Cebu City witnesses first Korea Festival

Cebu City witnesses first Korea Festival
HIGHLIGHT. The Jeju Special Self-governing Province Dance Company (left), proponents of the Korea Festival (center) and University of Cebu Dance Company pose for a photo.

Tyrashelvy Villamil, Silliman University Intern / Writer

THE “K-Culture Next Door: 2024 Korea Festival” — organized by the Korean Cultural Center (KCC) — marked the celebration of the 75th anniversary of the diplomatic relations between South Korea and the Philippines. The opening day of the festival was held at SM Seaside City Cebu on June 15.

“We are committed to reach out to as many cities as possible to share the beauty of [the] Korean way of life, while fostering new partnerships and collaborations,” said Korean Ambassador to the Philippines Lee Sang-Hwa during the opening ceremony.

Having already been celebrated in Manila at the SM Mall of Asia Music Hall from May 4 to 5, the Korea Festival in Cebu is considered a historic first, according to OIC Undersecretary of the Department of Tourism Verna Buensucesco.

“Today, we are actually making history as we witness the opening of this festival for the very first time in the Queen City of Central Philippines, Cebu,” she said.

In a more romantic take, board member of the fifth district of Cebu and Chairman of Tourism of the Cebu province Red Duterte described the partnership of Jeju and Cebu as a matter of destiny, referring to the parallels shared by the two provinces.

“Because of these seemingly destined events, this is probably a signal to Cebu, to the Philippines, and to the rest of the world, that the relationship between Korea and Cebu is strong and will last for generations to come,” he said.

A Memorandum of Understanding (MOU) to boost trade and tourism between Cebu and Jeju was signed on June 14 by Cebu Gov. Gwen Garcia for Cebu Province and Gov. Oh Young-Hun for Jeju Province.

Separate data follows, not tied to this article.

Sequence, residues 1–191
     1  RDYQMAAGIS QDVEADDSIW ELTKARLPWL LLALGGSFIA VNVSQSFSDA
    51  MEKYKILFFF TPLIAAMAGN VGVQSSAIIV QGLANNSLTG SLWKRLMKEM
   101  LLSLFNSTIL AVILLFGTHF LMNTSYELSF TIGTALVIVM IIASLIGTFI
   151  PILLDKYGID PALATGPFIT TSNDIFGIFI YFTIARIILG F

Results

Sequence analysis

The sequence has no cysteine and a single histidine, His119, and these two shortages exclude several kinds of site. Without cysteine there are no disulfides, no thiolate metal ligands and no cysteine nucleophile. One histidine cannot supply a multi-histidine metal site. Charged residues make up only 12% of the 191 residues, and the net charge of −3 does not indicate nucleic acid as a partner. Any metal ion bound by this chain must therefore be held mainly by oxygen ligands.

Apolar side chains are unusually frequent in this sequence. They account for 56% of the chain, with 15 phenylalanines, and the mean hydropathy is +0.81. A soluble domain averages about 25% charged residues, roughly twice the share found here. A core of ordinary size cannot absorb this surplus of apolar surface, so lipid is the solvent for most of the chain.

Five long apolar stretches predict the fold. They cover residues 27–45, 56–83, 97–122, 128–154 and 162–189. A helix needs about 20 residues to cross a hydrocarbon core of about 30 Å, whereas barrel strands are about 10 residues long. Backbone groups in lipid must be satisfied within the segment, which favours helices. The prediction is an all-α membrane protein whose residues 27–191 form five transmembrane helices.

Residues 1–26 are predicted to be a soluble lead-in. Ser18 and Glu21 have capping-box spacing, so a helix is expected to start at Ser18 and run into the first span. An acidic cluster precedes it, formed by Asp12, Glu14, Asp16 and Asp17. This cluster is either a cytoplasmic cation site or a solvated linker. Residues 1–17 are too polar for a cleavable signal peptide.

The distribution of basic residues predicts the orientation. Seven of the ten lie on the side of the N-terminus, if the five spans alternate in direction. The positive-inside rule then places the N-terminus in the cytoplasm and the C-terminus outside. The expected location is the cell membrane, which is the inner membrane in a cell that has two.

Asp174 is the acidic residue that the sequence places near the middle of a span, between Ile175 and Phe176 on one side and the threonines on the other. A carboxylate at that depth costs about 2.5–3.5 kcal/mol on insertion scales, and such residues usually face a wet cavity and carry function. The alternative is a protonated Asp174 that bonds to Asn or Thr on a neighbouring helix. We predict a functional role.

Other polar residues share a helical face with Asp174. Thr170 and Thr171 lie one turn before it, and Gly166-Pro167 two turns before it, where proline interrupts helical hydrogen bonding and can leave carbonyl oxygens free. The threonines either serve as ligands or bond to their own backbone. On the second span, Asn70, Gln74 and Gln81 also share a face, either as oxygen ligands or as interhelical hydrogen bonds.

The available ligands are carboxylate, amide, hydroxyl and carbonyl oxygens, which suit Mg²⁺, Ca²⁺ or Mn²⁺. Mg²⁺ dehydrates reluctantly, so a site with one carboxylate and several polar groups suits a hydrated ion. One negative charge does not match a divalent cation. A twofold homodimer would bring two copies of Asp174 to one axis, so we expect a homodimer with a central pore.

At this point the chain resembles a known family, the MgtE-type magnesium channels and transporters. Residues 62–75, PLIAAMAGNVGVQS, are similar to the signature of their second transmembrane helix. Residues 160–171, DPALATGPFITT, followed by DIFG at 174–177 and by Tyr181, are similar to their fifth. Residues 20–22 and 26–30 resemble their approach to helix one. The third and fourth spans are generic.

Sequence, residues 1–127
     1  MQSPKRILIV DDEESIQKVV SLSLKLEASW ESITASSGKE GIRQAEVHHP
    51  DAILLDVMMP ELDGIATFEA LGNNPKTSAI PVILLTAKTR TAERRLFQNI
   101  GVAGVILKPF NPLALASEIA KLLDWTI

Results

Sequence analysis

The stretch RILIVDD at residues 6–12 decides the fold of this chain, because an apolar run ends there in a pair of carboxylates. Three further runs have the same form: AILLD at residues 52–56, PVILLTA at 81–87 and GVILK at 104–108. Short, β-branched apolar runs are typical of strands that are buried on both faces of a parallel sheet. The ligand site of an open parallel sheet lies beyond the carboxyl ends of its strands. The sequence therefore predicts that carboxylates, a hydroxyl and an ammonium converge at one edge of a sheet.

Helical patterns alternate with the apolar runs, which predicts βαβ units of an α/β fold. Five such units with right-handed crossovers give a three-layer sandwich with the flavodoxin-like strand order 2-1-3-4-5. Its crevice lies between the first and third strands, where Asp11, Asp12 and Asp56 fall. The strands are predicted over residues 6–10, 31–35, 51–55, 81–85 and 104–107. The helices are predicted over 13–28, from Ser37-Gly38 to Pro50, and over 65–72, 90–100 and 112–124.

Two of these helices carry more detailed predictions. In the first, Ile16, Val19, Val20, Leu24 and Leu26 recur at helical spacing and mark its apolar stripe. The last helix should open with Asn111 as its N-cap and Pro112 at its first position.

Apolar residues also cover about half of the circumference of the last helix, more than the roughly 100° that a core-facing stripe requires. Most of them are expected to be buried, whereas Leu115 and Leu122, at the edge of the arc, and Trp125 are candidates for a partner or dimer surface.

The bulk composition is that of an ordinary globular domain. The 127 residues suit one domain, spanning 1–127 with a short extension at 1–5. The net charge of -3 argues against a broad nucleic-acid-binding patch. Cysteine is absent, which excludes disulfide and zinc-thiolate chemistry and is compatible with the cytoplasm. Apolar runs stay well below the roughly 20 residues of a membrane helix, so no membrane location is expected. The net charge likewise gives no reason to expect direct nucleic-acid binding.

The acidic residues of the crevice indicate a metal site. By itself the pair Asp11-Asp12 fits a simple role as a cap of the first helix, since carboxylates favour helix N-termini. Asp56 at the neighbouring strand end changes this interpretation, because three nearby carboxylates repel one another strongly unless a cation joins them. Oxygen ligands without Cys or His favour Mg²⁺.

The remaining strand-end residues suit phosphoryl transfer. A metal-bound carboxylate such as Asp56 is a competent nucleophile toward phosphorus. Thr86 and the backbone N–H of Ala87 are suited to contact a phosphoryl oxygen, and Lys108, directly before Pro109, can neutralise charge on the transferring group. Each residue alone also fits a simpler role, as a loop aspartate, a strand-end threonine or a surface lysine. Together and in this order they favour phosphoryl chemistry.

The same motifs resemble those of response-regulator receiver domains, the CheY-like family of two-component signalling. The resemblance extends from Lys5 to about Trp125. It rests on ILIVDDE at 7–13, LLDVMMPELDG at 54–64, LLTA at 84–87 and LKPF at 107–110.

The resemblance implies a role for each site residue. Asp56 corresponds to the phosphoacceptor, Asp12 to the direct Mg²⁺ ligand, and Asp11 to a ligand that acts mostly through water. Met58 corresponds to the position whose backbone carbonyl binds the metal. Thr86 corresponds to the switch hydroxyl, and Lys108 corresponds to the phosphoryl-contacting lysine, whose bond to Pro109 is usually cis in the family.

“To make the hopes of the future generation in Korea into reality, we hope to look forward for cooperation and stronger solidarity between our two regions,” said Oh Young-Hun.

K-Culture Next Door

Staying true to its theme, the festival hosted many free activities for Cebuanos to participate in.

The “K-food Experience” served the audience with free tastes of selected Korean dishes like Sujeonggwa, Maesil-cha and Kimbap. The booth also served to promote Korean buffet, Somac.

On another note, what better way to immerse in another culture than to wear their traditional clothes. The “Hanbok experience” allowed visitors to wear Hanboks for free.

In another booth, “Copyright, Right Now” is a cause aimed at promoting copyright in the Philippines, especially of all Korean context. Irish, the administrative staff of the Korea Copyright Protective Agency, said that as Filipinos consume much Korean content, it is only right to teach them the essence of copyright.

Taking a break from all things Korean, “Love the Philippines,” a booth by the Palm Grass Hotel, sought to promote Filipino culture and arts. By creating an exchange between cultures, it ensured that Koreans, non-Koreans, and even other foreigners had the opportunity to immerse themselves in Filipino culture as well.

Other festivities included traditional Korean games, performances from Korea’s pop taekwondo group, “K-Tigers,” modern dance performances and “Everyone’s K-Pop: Cebu,” a K-Pop dance cover contest for Filipino talents. S

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